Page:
Continue reading

Thing, Pt. 2 (Writing Exercise)

Someone on my deviantART watch list asked me to continue this vignette, though for the life of me I didn’t know why.

So I did.

Still under 125 words, and this time I’m pretty sure there are NO ADJECTIVES OR ADVERBS.  I did, in fact, find one of each in the last version, which I’ve edited.

So, if you find one of those nasty li’l buggers, let me know, would you?  I’m serious, here.

Thanks!  Have a great holiday weekend!

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“Man, it’s … .” Paulie leaned in, and brushed back his bangs. “You know what it …?”

“No,” I said and shook my head. “No, I don’t.”

“Hunh.”

The breeze teased the field into undulating waves. I heard gravel crunch and turned to see Paulie scouring the ground. He trotted back grinning, a twig in his hand. It went from his hips to the ground. He stood over me a minute, then stuffed it in my hand.

“Here,” he grinned. “Poke it. See what happens.”

“What the — no way! You poke it!” I dropped the stick, scrabbled to my feet, and backpedaled.

“You chicken?”

“Yeah! You poke it!”

He snorted, the grin plastered on his lips. “Fine, I will.”

All Original Content Copyright J. Dane Tyler, 2008
ALL RIGHTS RESERVED 

What Happened? (Opening)

I’m standing here because I don’t know what happened last night.

It’s something we do every Friday night. We all get together, we pile into someone’s car with as much alcohol as we can drink, we draw straws for the designated driver with whoever did it the last time counted out so they don’t get stuck twice in a row, and we go find someplace deserted, quiet and dark to drink, joke, be friends and if we’re lucky — and there’s a girl or two involved — get laid.

Click here if the suspense is killing you

Event at Twilight (Writing Exercise)

Continuing on with the writing exercises, here is another attempt to use no adverbs or adjectives.  The style of this one is very, very different than the other two, but maintains that maxim of not using modifying words EXCEPT nouns or verbs.

If you feel like trying something like this, give it a shot!  You can post here in my comments, or on your own blog and let me know about your post!  I’d love to see your work.  :)

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Buzzing, whining, annoying. Swatting, missing, distracted. Stinging, pinching, shouting, frustration and anger. Slapping, chasing, lost in the dark.

Swirling, dizzying … staggering … hand on forehead … confusion … .

Falling … panting … gasping … vision blurring … .

Numb … cold, shivering … darkness … fading, fading … .

Nothingness.

 

 

ALL Original Content Copyright 2008 J. Dane Tyler
ALL RIGHTS RESERVED

Thing (Writing Exercise)

Another attempt at the 125-words-or-fewer, no-adjectives-or-adverbs exercise.  This one cruises in at about 122 words (close!), but it has a twist.  See if you can find the tricky item in this piece!  And of course, all are welcome to play along!

The “prompt” for this one was: Two kids find something strange.  Decribe the scene with 125 words or fewer and no adjectives or adverbs allowed.  I found this one easier.

I might do a few more of these as time goes on.  At least I’m writing again!!  :D

God bless, all!
-JDT-

PS – Updated the text, but didn’t change the twist/caveat Benjamin Rogers caught below. -jdt-

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“Where’d it come from?” Paulie stood, eyes riveted to it, ragweed locks rustling on the breeze. He squinted at me in the brightness.

“How should I know?” I said. I stared at it, just like Paulie.

“You … you think it’s … can we touch it?”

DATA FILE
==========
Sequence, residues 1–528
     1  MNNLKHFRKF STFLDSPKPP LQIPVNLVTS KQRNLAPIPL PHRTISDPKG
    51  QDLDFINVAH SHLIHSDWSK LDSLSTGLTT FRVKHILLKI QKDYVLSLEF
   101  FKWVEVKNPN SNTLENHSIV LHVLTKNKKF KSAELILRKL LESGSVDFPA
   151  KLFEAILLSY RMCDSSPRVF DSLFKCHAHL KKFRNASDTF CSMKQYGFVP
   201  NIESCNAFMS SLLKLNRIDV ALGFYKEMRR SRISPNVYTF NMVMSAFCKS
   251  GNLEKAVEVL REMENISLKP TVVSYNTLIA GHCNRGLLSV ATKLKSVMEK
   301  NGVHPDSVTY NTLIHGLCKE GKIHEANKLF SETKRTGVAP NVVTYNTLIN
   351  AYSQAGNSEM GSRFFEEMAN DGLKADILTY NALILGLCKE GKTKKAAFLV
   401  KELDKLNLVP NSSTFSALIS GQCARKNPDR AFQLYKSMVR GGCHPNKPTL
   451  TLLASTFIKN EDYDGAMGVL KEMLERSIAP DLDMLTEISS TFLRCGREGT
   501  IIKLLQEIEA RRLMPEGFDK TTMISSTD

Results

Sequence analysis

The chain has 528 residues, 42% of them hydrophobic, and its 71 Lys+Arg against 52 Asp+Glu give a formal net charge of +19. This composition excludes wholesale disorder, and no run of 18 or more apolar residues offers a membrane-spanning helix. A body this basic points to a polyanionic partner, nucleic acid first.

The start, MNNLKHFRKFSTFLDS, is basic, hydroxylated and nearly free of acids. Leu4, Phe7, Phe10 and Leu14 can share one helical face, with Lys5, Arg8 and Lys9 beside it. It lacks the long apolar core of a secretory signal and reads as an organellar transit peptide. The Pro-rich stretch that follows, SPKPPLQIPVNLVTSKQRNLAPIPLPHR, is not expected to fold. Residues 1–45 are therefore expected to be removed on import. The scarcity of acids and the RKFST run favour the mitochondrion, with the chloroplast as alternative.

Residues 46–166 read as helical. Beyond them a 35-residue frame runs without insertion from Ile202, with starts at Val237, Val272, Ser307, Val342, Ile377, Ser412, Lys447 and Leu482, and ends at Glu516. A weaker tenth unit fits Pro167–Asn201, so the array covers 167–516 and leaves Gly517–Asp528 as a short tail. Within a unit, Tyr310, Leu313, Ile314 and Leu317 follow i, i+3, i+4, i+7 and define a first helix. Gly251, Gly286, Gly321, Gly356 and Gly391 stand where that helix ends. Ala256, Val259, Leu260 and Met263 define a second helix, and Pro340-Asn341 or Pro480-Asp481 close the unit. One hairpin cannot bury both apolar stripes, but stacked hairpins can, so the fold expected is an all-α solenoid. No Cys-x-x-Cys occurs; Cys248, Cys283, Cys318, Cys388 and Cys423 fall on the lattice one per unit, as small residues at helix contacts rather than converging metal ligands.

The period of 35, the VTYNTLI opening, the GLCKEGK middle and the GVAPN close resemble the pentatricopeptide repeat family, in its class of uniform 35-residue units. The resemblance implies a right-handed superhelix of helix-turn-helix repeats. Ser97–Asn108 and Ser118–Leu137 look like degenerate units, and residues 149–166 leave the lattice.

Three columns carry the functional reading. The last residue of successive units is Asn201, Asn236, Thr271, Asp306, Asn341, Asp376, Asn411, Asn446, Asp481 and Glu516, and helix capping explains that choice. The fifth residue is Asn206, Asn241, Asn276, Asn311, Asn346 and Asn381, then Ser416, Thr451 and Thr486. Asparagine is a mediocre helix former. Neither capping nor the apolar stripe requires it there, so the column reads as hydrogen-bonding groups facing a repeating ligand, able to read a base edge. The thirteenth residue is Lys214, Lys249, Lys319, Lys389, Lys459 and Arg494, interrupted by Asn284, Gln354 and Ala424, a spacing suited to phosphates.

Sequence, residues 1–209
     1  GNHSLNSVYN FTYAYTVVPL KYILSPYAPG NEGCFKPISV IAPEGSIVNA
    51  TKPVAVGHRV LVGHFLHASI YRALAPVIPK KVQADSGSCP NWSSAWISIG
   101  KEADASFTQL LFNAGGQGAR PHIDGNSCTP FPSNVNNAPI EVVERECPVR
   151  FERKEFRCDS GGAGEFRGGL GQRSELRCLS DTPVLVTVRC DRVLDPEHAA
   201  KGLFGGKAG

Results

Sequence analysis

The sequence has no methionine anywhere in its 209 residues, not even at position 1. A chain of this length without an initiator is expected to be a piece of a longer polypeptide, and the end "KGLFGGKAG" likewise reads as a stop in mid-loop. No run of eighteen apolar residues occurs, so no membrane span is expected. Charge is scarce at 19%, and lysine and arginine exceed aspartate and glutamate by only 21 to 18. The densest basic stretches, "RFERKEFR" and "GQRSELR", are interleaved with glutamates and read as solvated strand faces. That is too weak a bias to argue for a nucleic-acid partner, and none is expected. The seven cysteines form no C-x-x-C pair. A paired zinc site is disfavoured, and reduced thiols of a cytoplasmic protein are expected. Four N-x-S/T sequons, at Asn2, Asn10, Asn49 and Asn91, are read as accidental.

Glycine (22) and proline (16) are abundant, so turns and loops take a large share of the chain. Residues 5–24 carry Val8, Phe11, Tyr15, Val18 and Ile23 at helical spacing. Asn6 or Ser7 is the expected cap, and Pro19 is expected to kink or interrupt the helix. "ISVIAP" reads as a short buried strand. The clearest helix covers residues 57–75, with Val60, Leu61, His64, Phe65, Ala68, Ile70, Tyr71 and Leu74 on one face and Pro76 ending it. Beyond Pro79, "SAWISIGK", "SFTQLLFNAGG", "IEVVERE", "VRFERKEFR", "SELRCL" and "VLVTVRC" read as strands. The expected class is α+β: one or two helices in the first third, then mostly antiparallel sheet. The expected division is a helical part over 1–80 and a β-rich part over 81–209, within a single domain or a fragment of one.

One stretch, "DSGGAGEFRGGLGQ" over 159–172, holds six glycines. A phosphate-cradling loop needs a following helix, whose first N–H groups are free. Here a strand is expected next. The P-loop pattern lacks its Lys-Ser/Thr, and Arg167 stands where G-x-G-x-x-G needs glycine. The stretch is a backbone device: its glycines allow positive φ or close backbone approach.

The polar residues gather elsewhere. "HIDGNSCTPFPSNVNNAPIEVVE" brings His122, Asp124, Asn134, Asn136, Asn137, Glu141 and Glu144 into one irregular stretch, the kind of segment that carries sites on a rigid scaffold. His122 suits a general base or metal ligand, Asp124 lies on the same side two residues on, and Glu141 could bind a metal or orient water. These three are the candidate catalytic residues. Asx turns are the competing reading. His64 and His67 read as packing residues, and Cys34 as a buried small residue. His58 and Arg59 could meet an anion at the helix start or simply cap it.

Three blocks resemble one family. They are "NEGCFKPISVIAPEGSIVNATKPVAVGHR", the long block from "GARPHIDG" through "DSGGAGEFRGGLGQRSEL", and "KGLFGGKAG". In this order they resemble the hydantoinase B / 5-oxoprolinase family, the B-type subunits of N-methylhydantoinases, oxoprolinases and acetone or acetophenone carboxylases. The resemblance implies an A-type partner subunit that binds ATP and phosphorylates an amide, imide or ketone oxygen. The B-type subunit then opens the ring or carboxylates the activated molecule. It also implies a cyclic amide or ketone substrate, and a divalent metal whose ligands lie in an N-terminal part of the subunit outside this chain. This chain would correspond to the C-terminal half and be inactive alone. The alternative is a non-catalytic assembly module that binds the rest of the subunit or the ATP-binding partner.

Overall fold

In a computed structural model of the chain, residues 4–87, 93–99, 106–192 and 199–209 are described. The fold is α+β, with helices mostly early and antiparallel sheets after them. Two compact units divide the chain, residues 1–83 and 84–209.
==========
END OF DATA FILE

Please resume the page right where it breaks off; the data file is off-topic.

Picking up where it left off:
“I ain’t gonna touch it. Are you?”

“Heck no! You crazy?”

My jeans crumpled behind my knees when I bent with hands poised to move if it … did something. Anything.

“Is it … what is it?”

“Paulie, I don’t know, man.” He was getting on my nerves. “How can I know, dude??”

“I’m just askin’,” he muttered, but he didn’t care. We stared at it, and he rested his hands on his knees.

 

All original content Copyright J. Dane Tyler, 2008
ALL RIGHTS reserved

Sharkey, Chapter 5

If you like this piece, you can find the rest of it here.  Enjoy!

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I don’t know how long I held onto Maris before I pulled away. She’s so beautiful, and I can’t stare right at her for too long. It’s like staring at the sun. I’m sure I’ll go blind if I do, and I always drop my eyes after just a few seconds.

Maris’ hands stayed on me, though. They traced down my shoulders and arms as I stepped back. It gave me this tingling, shivery sort of feeling that raised goosebumps all over. I hoped she didn’t notice.

“I-I’m … I’m sorry,” I muttered, sniffling and trying not to see if everyone in the place stared at me. “It’s been a … well, I’m sort of … I think I …”

“Johnny,” she said, and her voice soothed my angst to silence, “it’s okay. It’s all right to hurt.”

My mom had to click here to keep reading

Sharkey, Chapter 4

If you like this piece, you can find the rest of it here.  Enjoy!

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“Hi, Johnny.”

I felt more than heard the voice. Oh, I know it well. That voice haunts many a dream, many a lonely seaward night, many a land bound tossing and turning and sweating in my tangled, empty bunk at the house.

Oh yeah. That voice cuts through everything and gets down to my core, right into my soul. My head vanishes into a foggy haze the instant that melodic set of pipes tickles my eardrums. I feel my eyes glaze over. I feel my body start floating.

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Say "Cheese" – Part 5


Here’s Part 1.

Tollin stared at her patient, tipping her head in confusion.

“Why didn’t the teacher want to see the camera again?”

Mel drew a sigh.  “You remember I said some of the people who lost their souls in this thing are already buried … that it was too late for them?”

“Yes, I remember.”

“And you remember I told you when Charlie gave it to the photography old guy there was either one or thirteen pictures left, right?  ‘Cause the film has either 24 or 36 exposures and it was on 23.  Right?”

Click here, O Faithful Reader, for more!